Notes from the Discovery Centre team – Liz
More chicks in the Discovery Centre this week! We have now spotted shag chicks on Fidra and Craigleith. Our eyes are peeled for any action on the Isle of May. The cormorant chicks on Craigleith are visibly bigger every day and others are still hatching bringing great delight to visitors. We are beginning to see more eggs on the Bass Rock, and the windy weather has provided great spectacles of the gannets in flight. The clubbing area below the lighthouse is also filling up.
The puffins are still somewhat aloof being numerous some days and scarce the next. Hopefully they’ll become a little more dependable in the coming weeks when they should be laying eggs. Meanwhile a female eider is incubating devotedly on Fidra. However two lesser black back gulls have moved in next to her and this may be a problem when the eggs hatch. The juvenile peregrine, now believed to be a female, is sighted on the Fidra cliff face daily at the moment and we continue to see adults regularly on Fidra, Craigleith and the Bass lighthouse.
Sightings – Maggie Sheddan
A surprising weather window, and a dawn decision afforded me an unexpected visit to the Bass.Rafting puffins, guillemots and razorbills were a delight to see. Eiders, some still pairing up, their ‘OOoO-oohing’ echoing in the still of the morning, Sandwich terns so distinctive in flight and call, fulmars skimming the waves. Strings of gannets on direct flight paths for the Bass, seaweed hanging from their bills. It was lovely to finally be on a boat heading across the sea.
Things change so quickly as the breeding season advances that is good to have these observed. At times, changes can be site specific perhaps from disturbance or loss of habitat? Or, is it commonplace across all the breeding islands perhaps indicating a weather factor or that something catastrophic has occurred during winter, all recorded over recent years. Landing was text book and there was warmth in the morning sun. With a minimum of 5 hrs on the Rock ‘I was going to have a little time to really observe and put into place safeguards for specific breeders where required.
But first, had ‘orange bill’ (guillemot) returned? I had the time to log observations. Grabbing camera and binoculars, the rucksack discarded along with thoughts of heading straight to the gannetry, I scanned, and there facing inward on a slightly sloping small ledge, ‘Orange Bill!’ A slight difference in the plumage on the head, but still with its distinctive orange bill and orangey/yellow webs. We know the oval shape of the egg helps prevent it from rolling off tightly packed cliffs, but this ledge slopes. Was there an egg? I watched, waiting for that fleeting moment, my eyes flicking around the surrounding area. A shag’s nest missing, fewer kittiwake sat that area (perhaps away feeding – but only a couple with obvious nests.) Each time orange-bill moved I focused in. Patience rewarded a fleeting glimpse of the turquoise speckled egg. This bird has bred before so we wait and watch. Half an hour had passed, it felt like a minute. Heading upward only a couple of herring gull nests with eggs, numerous birds but many still to settle. I noted the more ‘aggressive ones.’ Memories of precision poo paintball came flooding back. Killer gull was the worst! The seasonal joys ahead. A quick check on previous eider and fulmar sites proved unproductive. Continuing up the path trying to count the few shags that nest among the disappearing but dense mallow, a sudden panic croak and a shag flew close over my head. There on a high protruding rock hidden by a mallow stem a new nest, quite unexpected. It was flighty although it did return. Close by 3 eiders sitting tight to their nest and another new shag nest. This area is next to the prison gate. As eiders are so well camouflaged they required some safeguard. A chain, a couple of old broom handles, a scrabble around the battery room for a couple of nails and a rock(hammer) and the eiders now have a little more visible protection in place.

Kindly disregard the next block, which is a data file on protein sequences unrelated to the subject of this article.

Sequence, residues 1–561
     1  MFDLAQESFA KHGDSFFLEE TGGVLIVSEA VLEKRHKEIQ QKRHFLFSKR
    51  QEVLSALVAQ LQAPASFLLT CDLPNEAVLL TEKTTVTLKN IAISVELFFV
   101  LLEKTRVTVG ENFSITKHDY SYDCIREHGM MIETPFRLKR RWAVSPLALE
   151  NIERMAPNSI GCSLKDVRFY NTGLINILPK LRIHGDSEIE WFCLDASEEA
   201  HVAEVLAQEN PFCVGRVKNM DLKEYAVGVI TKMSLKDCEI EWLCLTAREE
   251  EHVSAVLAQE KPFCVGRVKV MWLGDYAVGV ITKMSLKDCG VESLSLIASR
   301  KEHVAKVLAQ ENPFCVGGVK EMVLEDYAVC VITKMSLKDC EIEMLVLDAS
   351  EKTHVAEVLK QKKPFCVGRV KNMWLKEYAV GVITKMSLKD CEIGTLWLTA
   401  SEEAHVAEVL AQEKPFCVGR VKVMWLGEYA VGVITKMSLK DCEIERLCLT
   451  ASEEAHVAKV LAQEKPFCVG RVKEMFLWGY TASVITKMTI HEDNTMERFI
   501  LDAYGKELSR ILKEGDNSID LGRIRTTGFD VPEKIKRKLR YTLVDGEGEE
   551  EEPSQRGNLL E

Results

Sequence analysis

As you emerge into the daylight from the somewhat ominous prison entrance, your senses are bombarded, you have been transported to another world. The noise, the activity, the distinctive gannet odour. A gannet crash lands in front of me, picks itself up and immediately squawks and jabs in my direction. I just laughed! I look upward at the overwhelming sea of active white that blankets the Rock, was our area going to be accessible? Thankfully yes, but regular visits are required to keep this. Weegie is firmly encamped on the path along with a couple of new birds that we will be able to manoeuvre around, but horror, my seat (rock) had a nest on it, not just one but surrounded. All new sites with fresh seaweed. There were no eggs, so it is a wait and see game. I did spot many recently laid eggs on fringe sites. Fresh seaweed everywhere. I was crowned by some dropped from a passing bird, mistook some that tumbled over a path for a scuttling tarantula (only for a second!! It was dark, huge, moving, and appeared to have lots of legs.) I had a little time to look for Darvicks but they are very difficult to spot during incubation.I did spot a few) 2 hrs had flown past and unfortunately work beckoned. It was just lovely to have some time to watch as when groups are visiting their welfare and the gannets take priority.